The first was several years ago. A friend and I were watching a couple of guys climb Jaws a waterfall in Rocky Mountain National park. The sun was baking the upper third of the climb and the leader wisely placed a screw just before he climbed out of the shade. About fifteen feet into the tropics, he started having trouble getting his tools to stick. He placed another screw and continued. After ten more feet, it was clear he could not go up any farther; the ice was just too thin and rotten. Things looked better off to his right though, so he struck out in that direction. It proved a false hope. Two moves into the traverse, he slid down several feet. He recovered, made two more tool placements, then popped off. The upper screw blew out of the ice without even stretching the rope. The shadow piece caught him after about fifty feet, just five feet from the ground.


I witnessed the second fall just five days ago. A younger gentleman was climbing at our training area. I had led a solid line just to his right a few minutes before. He wanted to go a bit steeper. The line he chose had a little overhanging icicle about fifteen feet up and he launched for it. Rich had tapped on that feature on his way past it, and neither of us liked the sound it made. I almost said something, but I didn’t want to intrude. Tony’s a good climber; he would be careful. He drove an ice screw in the pillar below the icicle, hooked a tool on a feature in the middle of the hanging dagger, and took a tentative swing for the top of the icicle. As soon as the pick of the tool made contact, the whole thing cut loose. Fortunately, he had his legs out from under the falling chunk, so he missed having his bottom half skewered. The screw caught him just before his crampon points scraped the ground. The screw did not bend and the ice around the hanger hadn’t a chip in it. The fall factor had to be close to 1.5. I shall persist in my optimism.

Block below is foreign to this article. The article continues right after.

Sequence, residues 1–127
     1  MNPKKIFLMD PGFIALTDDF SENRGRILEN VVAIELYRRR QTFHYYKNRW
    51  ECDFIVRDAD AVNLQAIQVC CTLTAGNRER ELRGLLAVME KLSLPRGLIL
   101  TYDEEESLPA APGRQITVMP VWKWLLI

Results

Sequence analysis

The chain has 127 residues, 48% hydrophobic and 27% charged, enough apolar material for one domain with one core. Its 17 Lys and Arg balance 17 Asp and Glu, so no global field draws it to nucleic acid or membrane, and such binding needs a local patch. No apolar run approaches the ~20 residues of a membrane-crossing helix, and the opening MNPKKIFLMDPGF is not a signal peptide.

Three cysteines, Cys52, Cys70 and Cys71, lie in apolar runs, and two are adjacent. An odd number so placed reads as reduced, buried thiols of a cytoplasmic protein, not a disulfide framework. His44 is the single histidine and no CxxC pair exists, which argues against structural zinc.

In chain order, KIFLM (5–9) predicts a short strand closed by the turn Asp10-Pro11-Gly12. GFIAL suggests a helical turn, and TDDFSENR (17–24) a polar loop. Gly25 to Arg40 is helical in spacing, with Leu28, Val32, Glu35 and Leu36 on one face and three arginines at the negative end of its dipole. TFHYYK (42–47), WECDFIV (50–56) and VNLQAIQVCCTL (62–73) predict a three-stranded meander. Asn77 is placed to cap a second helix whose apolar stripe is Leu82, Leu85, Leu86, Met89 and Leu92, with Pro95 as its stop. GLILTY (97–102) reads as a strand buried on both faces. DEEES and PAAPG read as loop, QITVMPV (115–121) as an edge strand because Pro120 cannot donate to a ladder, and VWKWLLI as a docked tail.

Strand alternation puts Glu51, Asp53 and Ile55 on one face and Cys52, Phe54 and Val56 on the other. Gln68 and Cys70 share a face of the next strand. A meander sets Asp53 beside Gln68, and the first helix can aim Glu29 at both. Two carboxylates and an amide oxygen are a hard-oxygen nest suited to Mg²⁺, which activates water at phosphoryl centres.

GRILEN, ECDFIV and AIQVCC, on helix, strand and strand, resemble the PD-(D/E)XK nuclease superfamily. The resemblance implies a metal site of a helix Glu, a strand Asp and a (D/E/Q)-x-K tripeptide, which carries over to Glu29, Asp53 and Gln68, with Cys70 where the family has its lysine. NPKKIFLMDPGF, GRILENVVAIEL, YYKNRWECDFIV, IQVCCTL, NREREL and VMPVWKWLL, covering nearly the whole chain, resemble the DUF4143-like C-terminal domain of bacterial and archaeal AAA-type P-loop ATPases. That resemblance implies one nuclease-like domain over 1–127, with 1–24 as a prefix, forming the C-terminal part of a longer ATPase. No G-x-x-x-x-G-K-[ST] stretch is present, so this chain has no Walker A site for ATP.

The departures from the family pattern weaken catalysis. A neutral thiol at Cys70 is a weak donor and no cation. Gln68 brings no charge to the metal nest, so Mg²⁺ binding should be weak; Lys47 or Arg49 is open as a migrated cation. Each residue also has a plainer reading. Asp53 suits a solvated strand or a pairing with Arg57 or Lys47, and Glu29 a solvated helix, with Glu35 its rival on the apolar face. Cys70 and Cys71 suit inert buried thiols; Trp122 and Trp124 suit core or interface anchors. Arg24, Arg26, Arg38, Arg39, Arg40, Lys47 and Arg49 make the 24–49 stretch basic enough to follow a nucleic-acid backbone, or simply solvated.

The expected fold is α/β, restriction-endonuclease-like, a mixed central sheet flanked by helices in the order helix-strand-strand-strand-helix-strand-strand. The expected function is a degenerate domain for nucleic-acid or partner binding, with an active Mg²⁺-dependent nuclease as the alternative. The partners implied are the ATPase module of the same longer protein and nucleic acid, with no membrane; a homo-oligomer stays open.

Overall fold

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Dr. Blue Thumb (with apologies to Cypress Hill)

Right Pillars

Right Pillars

The crop has come in. It may be no taller than G1 in Hyalite, but it is more potent, and much closer to home.

Central pillar

Central pillar

Overhangs, chandelier, steps – it’s all there for the pleasant terror of the community.

All ninja missions require video documentation for payment. Left pillars.

All ninja missions require video documentation for payment. Left pillars.

Maybe the Black Hills will sprout some more ice climbers after all.

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Oh Suzanna

Elusive ice in Ten Sleep

Elusive ice in Ten Sleep

The pick made a distinctive ‘plink’ as it bounced off the rock. The sound always sends a shock down my spine, but I can’t tell if it’s the nature of the noise itself or purely the implications. I tapped a little higher and the tool set with a hollow sound no less disappointing than the ‘plink’. The resonance came from a layer of air separating the ice from the cliff face. I spared a glance down.